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First Puzzling question -

A bird builds a nest, lays an egg, hatches an egg, feeds a chick, watches it grow, then watches it take flight for the first time. The bird never sees its young leave the nest. What colour was the chick?

There may be more than one possible answer, the key will be the explanation.

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    $\begingroup$ Thanks for the Spelling/grammar check Tom. I should have re-read it a few more times. $\endgroup$ – Brent Hackers May 26 '16 at 8:14
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My guess would be

Grey or brown.

Explanation:

I'm thinking that the chick would be a cuckoo or a cowbird (and for those species, other colours are possible. The key being that the egg the bird lays and the egg the bird hatches are not the same egg. Cuckoos and cowbirds lay their eggs in other birds' nests. Their eggs hatch early and push out the other eggs. Thus, the original bird never sees its own young leave the nest.

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    $\begingroup$ Omg I totally didn't catch how the question actually allowed the two eggs to be different ones lol $\endgroup$ – busukxuan May 26 '16 at 8:22
  • $\begingroup$ Well done. I'd hoped it would take a little longer... :| $\endgroup$ – Brent Hackers May 26 '16 at 8:24
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Black

Though the chick needs to be purely and absolutely so for this to be really legit. Why?

If an object is purely black (a black body), it absorbs all incident light that hits it, reflecting no light, hence a black body cannot technically be seen, but its presence can be inferred, and hence "practically seen", by not seeing any light from the objects position. If the chick were black, bird can do all sorts of stuff with the chick because the bird knows where it is, but technically no light from the chick is ever reflected into the bird's eyes, hence the bird never technically sees the chick leave the nest, albeit having been watching it take flight for the first time.

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    $\begingroup$ Not the answer but sill... mind-blowing levels of technicality. $\endgroup$ – Brent Hackers May 26 '16 at 8:26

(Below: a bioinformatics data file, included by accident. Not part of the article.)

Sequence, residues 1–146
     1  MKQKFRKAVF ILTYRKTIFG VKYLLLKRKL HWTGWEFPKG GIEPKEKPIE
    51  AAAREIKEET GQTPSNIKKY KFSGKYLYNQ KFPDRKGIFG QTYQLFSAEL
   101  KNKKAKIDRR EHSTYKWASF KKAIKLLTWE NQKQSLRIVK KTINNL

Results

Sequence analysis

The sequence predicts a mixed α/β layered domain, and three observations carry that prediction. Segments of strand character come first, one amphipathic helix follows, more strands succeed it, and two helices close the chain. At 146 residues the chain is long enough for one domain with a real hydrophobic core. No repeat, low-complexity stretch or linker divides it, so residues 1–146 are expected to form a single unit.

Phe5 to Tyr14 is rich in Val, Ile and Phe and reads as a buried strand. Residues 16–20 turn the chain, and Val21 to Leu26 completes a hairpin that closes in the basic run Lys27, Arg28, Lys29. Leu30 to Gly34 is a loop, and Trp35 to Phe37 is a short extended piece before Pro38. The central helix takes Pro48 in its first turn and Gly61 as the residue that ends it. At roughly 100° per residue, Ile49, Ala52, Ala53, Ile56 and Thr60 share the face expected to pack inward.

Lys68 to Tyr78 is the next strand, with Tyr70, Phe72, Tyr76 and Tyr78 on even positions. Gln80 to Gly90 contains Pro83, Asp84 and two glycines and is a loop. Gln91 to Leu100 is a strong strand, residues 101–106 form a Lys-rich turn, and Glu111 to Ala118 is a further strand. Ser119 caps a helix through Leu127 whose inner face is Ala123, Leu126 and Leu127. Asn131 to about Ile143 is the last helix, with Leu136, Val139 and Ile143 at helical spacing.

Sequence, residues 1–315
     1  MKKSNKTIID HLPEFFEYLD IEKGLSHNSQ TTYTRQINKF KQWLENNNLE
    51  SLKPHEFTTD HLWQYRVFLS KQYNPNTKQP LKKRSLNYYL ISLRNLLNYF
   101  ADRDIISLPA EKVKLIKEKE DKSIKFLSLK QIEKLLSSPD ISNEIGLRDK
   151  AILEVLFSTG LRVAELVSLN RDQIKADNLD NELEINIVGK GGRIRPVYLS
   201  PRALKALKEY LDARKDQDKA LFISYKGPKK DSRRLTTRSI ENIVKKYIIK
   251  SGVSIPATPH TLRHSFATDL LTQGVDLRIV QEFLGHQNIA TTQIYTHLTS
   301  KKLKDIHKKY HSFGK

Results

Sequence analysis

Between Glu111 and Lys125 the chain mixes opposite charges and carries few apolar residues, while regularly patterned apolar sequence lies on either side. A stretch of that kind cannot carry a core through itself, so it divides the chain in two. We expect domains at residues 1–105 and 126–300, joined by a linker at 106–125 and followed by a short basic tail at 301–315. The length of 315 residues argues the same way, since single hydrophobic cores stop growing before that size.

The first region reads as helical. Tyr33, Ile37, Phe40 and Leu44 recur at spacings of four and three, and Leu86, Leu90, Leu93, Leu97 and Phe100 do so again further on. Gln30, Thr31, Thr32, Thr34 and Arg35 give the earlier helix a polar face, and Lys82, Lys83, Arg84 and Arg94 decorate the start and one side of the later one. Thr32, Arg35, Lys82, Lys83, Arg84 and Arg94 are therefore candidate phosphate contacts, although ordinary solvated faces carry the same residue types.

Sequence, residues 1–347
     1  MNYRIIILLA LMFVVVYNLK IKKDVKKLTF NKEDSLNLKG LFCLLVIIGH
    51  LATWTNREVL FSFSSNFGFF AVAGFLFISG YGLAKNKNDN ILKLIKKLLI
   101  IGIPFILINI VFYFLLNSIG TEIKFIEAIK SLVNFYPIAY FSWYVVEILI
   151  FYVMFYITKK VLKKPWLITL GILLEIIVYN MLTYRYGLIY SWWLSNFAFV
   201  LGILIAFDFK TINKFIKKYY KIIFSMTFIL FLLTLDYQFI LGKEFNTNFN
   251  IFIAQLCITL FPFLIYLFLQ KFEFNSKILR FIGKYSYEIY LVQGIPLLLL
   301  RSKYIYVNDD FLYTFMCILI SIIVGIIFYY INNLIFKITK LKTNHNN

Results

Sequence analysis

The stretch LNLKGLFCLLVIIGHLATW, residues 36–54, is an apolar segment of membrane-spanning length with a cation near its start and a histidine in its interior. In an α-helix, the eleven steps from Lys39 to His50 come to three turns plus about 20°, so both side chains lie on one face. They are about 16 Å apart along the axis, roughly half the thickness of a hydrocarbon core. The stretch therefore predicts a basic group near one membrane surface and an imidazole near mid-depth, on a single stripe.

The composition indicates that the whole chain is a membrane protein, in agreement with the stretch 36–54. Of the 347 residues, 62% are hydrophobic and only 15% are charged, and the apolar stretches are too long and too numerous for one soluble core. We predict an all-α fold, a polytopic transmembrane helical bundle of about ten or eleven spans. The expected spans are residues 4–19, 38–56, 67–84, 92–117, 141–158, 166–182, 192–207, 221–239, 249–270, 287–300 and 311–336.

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    $\begingroup$ Even objects that reflect no light still radiate light! (Of course, it would have to be quite hot to radiate much visible light...) $\endgroup$ – Daniel Wagner May 26 '16 at 20:17
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    $\begingroup$ @Daniel so you're saying it would have to be... a hot chick? $\endgroup$ – 0xDBFB7 May 26 '16 at 22:42
  • $\begingroup$ @DanielWagner Hopefully birds don't see into the infrared spectrum lol. $\endgroup$ – busukxuan May 27 '16 at 7:02
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The chick was...

Pinkish -- far as I know, every newborn chick is, and the question doesn't ask on what date the color was visible. This answer is unsatisfying as it does not use all parts of the setup.

or

Black-and-white -- emperor penguins lay eggs onto their own feet, and while they are biologically flightless, the child can take flight if taken by researchers or hunters on a helicopter: nothing said the bird was alive on its first flight.

I eliminated these answers, since they do not provide a single identifiable color:

Any color -- parent was simply not looking at the time of nest departure.

or

The plumage color of a juvenile Cuckoo, Cowbird, Black-Headed Duck, Weaver-Finch, Honeyguide, or other brood parasite (see accepted answer).

or

The plumage color of a juvenile non-nesting, ground-laying bird, such as the Nightjar, Plover, Killdeer and Short Eared Owl.

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